03 July 2009


"Once upon a time, people believed in the future. When I was growing up in England in the 1970s, one of the most popular programmes on TV was called 'Tomorrow's World'. Every week scientists would talk about how new and wonderful inventions would make our life better. Sociologists talked of an impending leisure society, where our biggest problem would be what to do with all the spare time created by increasing automation..."

Neil Transpotine (History Is Made At Night)

"The future we were sold in the 1970's/1980's where robots would be our servants
and we would hop into our hovering cars in the twenty-first-century techno
cities never quite materialised. Here we stand, twenty years on from seeing
chip-shop-chips on compact discs and things are the same but worse as our
optimism of the future has been eroded away collectively.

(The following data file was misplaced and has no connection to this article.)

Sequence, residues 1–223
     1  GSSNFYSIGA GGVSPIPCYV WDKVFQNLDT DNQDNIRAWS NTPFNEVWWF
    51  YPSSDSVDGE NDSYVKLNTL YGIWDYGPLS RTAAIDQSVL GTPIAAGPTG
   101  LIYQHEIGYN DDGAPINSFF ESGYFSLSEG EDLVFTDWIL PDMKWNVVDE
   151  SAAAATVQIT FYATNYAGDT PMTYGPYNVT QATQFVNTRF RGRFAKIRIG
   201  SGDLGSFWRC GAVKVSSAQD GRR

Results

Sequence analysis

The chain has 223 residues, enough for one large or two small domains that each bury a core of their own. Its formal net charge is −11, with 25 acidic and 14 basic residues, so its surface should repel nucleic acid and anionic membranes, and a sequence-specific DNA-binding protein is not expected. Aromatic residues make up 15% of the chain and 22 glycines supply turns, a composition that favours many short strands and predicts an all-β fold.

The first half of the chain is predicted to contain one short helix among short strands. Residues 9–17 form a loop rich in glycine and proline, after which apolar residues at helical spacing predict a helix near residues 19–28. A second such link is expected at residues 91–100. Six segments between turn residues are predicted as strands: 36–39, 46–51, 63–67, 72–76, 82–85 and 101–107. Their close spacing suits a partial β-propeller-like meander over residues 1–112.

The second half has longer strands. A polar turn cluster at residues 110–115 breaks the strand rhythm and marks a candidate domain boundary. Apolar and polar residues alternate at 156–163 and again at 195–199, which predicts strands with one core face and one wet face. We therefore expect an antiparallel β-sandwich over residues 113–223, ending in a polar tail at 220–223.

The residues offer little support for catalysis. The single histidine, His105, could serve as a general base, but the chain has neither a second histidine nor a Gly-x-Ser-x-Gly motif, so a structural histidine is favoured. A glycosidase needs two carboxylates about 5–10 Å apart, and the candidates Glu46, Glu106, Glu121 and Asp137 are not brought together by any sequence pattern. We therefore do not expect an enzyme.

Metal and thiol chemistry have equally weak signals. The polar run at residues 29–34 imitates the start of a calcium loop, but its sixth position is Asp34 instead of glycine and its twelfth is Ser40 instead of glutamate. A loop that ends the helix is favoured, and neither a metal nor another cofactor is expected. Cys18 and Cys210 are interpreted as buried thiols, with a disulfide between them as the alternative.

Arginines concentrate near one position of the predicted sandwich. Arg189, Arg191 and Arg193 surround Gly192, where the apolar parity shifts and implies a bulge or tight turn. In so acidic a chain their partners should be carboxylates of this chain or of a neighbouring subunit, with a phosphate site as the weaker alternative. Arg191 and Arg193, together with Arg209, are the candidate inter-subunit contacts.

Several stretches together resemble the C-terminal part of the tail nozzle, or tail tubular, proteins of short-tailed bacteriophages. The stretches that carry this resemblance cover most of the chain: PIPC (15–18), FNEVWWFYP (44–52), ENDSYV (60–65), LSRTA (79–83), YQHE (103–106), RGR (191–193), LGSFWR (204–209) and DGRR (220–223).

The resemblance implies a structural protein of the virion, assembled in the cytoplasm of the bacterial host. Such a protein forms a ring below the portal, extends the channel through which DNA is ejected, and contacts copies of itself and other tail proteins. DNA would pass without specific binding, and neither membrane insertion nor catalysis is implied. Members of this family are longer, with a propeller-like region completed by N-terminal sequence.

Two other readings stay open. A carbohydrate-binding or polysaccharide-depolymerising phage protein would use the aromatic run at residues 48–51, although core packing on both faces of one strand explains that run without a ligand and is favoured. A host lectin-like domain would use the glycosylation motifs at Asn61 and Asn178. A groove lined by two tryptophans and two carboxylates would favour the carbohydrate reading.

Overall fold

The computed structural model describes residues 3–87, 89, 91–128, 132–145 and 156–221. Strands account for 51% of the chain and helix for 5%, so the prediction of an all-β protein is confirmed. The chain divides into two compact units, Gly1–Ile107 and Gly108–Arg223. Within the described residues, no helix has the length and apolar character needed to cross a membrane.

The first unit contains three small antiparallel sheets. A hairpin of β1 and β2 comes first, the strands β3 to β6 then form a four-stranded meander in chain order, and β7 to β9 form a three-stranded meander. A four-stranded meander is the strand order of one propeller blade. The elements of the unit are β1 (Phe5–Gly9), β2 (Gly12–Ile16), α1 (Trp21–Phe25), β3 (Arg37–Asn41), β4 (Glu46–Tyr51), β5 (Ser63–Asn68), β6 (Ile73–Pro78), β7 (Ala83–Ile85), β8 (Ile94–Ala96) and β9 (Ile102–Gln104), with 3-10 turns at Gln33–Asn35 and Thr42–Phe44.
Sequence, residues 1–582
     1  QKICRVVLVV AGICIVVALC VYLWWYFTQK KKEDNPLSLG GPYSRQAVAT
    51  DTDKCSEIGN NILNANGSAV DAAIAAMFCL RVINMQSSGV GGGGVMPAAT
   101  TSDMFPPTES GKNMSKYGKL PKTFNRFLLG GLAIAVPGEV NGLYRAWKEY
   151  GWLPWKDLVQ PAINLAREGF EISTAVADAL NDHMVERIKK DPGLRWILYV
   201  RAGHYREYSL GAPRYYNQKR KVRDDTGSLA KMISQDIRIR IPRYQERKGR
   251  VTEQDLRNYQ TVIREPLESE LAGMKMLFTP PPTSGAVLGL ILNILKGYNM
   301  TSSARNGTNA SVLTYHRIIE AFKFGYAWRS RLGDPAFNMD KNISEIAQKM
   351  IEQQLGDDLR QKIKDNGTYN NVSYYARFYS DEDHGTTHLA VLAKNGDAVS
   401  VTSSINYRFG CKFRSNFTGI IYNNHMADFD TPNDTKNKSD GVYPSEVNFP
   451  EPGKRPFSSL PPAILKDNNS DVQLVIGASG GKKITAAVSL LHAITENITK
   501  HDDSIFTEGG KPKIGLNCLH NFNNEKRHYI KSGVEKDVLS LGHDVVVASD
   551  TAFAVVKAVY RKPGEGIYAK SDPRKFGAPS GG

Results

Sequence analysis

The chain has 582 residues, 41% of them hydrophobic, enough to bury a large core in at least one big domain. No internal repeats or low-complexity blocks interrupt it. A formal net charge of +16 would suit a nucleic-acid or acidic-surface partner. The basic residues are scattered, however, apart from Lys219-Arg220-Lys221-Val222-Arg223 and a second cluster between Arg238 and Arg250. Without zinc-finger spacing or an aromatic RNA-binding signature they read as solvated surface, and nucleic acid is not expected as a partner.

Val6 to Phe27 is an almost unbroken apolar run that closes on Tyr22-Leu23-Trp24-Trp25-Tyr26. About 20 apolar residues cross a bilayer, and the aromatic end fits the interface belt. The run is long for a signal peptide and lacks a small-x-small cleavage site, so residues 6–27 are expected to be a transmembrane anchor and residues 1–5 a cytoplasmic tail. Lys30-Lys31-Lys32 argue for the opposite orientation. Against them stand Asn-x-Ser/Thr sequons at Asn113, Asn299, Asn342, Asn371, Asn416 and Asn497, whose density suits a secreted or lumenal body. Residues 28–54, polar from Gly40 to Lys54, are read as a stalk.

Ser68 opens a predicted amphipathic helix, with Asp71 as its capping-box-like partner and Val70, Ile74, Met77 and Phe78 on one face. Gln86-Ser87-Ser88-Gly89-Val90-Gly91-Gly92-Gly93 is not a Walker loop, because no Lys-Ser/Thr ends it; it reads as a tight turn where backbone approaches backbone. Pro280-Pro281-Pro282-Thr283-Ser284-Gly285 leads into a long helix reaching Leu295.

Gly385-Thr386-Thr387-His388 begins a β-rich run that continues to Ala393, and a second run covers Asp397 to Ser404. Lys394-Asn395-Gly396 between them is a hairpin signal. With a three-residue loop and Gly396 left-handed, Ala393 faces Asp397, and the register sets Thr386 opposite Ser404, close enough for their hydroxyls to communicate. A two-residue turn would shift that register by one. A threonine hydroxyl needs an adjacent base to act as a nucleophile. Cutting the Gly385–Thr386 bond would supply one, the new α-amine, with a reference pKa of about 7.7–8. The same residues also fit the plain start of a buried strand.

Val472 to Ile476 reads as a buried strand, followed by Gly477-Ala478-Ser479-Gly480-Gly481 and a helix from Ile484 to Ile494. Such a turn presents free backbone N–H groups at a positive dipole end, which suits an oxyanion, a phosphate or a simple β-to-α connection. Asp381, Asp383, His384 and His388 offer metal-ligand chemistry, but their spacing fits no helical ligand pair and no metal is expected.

'Tomorrows World' never came."

Leyland J. Kirby, from recent press release

An interesting point, aside from the convergence of thought in the two above texts, concerns the stylistic differences between the two youtube clips. The first is the opening titles for Tomorrow's World as it appeared in the 1970s - a jaunty, exciting, endearing and kind-hearted view of the future with a bright easy listening soundtrack. The second clip shows the new title sequence introduced at the start of the 80s - cool, spacey and mysterious, propelled by a synthetic euro-disco beat that informs the work of modern day retro-futurist Belbury Poly. What was it about the 80s that demanded such a clean break with the old? Other programmes given quite dramatic overhauls at the time included Top Of The Pops and Dr. Who (with Delia's original theme finally superceded after 17 years). It seems we couldn't wait to leave behind the stylistic signifiers of the '70s. Yet each decade tinted the future with it's own distinct hue. Both promised us a better world. If only...


  1. Nice information provided by you.
    You are doing very well job! keep it up.


  2. We filled all our technology-derived free time with unemployment.